Migrant families and their children began packing up and leaving their homeless shelter at the Row Hotel in Midtown Manhattan on Tuesday morning, saying goodbye to the place they’ve called home since arriving in the city more than a year ago.
Dozens of parents were lined up outside the Row, one of the city’s emergency shelters for migrant families, around 6:30 a.m., waiting for school buses to take their children to school. Bundled up kids purchased chips and juice at a nearby newsstand, as a police van was parked nearby. One family carrying bags and suitcases was seen jumping into an Uber.
Most families said they had received official 60-day notices to vacate the shelter by dates in January. Yajaira Abreu, who arrived from the Dominican Republic with her daughter last March, said she was moving to Boston to crash with a friend and that she had until Thursday to leave the hotel.
“My daughter tells me she doesn’t want to leave her friends,” Abreu said in Spanish.
Roughly 40 families are among the first wave of migrant families forced to leave the city’s care after Mayor Eric Adams began limiting shelter stays to 60 days last fall, citing the ballooning migrant population with more newcomers arriving each week. Families who haven’t found alternative housing will have to go to the Roosevelt Hotel in Midtown, the city’s main intake center, to reapply for a shelter placement.
“We lived up to what is expected of New Yorkers: Being humane and stabilizing children and families,” Adams said at a press briefing Monday. “If we could just close the front door, we could get through this but we can’t close the front door.”
So far, the city has notified some 4,800 families in the city’s emergency shelter system that they had 60 days to move out of their shelters.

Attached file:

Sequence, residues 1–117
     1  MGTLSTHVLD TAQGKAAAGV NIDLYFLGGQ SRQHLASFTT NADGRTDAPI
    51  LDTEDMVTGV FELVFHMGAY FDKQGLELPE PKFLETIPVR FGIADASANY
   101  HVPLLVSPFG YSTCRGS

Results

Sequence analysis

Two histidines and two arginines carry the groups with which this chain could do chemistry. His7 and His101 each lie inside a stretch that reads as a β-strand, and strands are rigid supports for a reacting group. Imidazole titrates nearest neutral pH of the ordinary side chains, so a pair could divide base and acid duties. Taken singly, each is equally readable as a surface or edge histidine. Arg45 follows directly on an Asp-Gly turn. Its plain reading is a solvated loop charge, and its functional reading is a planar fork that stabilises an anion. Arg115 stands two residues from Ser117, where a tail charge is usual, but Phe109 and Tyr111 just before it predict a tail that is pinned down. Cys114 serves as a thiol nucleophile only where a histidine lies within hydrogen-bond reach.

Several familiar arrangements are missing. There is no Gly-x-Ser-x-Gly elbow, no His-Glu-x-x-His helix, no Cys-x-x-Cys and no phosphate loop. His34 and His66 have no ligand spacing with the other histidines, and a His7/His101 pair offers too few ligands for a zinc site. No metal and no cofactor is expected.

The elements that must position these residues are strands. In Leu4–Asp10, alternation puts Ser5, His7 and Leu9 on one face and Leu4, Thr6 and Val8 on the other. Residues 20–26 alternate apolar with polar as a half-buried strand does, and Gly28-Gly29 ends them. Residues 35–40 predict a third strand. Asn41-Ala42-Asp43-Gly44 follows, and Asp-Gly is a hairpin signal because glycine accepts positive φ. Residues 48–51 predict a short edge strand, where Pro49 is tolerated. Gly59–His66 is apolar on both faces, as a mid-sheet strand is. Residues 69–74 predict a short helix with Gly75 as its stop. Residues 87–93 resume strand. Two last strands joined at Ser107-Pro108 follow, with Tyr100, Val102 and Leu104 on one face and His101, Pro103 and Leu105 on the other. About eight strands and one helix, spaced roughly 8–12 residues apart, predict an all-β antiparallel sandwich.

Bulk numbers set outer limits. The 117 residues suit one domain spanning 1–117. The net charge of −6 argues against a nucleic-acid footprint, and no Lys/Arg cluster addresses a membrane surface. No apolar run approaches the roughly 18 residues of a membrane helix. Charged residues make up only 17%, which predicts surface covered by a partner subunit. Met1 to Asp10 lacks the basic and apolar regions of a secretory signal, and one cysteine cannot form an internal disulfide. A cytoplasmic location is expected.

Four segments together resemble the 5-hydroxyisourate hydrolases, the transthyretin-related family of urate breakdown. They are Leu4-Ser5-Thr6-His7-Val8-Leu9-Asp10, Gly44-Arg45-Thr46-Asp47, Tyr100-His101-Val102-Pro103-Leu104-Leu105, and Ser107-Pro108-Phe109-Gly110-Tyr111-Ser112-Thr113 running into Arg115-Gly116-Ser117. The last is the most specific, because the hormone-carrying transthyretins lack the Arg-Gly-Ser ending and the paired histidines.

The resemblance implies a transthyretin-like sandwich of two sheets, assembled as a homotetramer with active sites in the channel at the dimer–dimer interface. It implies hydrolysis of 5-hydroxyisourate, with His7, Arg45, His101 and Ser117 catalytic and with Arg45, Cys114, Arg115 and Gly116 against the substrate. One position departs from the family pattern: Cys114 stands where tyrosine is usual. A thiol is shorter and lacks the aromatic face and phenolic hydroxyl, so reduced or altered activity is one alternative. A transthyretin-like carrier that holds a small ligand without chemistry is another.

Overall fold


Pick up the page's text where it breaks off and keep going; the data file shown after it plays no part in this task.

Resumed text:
The policy is prompting concerns by some elected officials and immigration and housing advocates that migrant children will be upended from their schools and forced to move every two months, exacerbating a longstanding issue among children living in shelters whose education suffers from chronic relocation and attendance gaps. Education groups have warned the displacements will uproot the youngest migrants, potentially ripping them away from schools where they’ve found stability.
“Sixty days will also increase the amount of trauma our New York City kids will face, it’s not right,” Councilmember Rita Joseph said Monday at a rally against the policy. “Our youngest New Yorkers, those who are here to seek a better life with their families, should not be a political pawn in this administration.”
Opponents of the mayor’s shelter limits argue its purpose is to make conditions unbearable, compelling migrants to leave the shelter system or the city altogether.
“The 60-day rule is one thing and one thing only: harassment,” said Christine Quinn, CEO of WIN, which provides shelter for women and families, during the rally. “This rule is being put in place because the administration has failed to develop or implement a holistic plan to house and support the asylum seekers. There is no leadership coming out of City Hall.”
More than 66,000 migrants are currently living in city shelters — most of them families with children — according to Adams’ office. The cost of caring for the migrants is about $396 a night, city data shows.
Non-migrant homeless families are subject to shelter transfers by the Department of Homeless Services and are often forced to change schools because their new commutes are too long. That’s despite federal rules that say homeless children have a right to remain at their school even if they relocate to another shelter.
Ted Long, senior vice president at the city’s public hospital system that operates more than a dozen migrant shelters and the Roosevelt Hotel intake center, said Monday that staff have met more than four times with each family moving out of the shelters. He added that staff would prioritize placing families with elementary-age children in hotels near the schools where they already attend and that those rooms have already been set aside.
Families will be able to send their children to school Tuesday while they reapply for shelter, Long said.
City Hall officials say about 60% of the migrants who have been in the city’s care since 2022 have left the shelter system. Last year, the city implemented a 30-day shelter limit for migrant adults, which partly resulted in migrants waiting hours and days outside a reticketing center in the East Village, hoping for a new shelter bed — sometimes in freezing temperatures.
“These children and families have been through so much, so we’re not talking about destabilizing them,” Deputy Mayor Anne Williams-Isom said at a recent City Hall press briefing. “And I just want to flip that premise. What we are trying to do is actually stabilize them and make sure that they have what they need and make sure that those families just coming to us at the front door also have an opportunity.”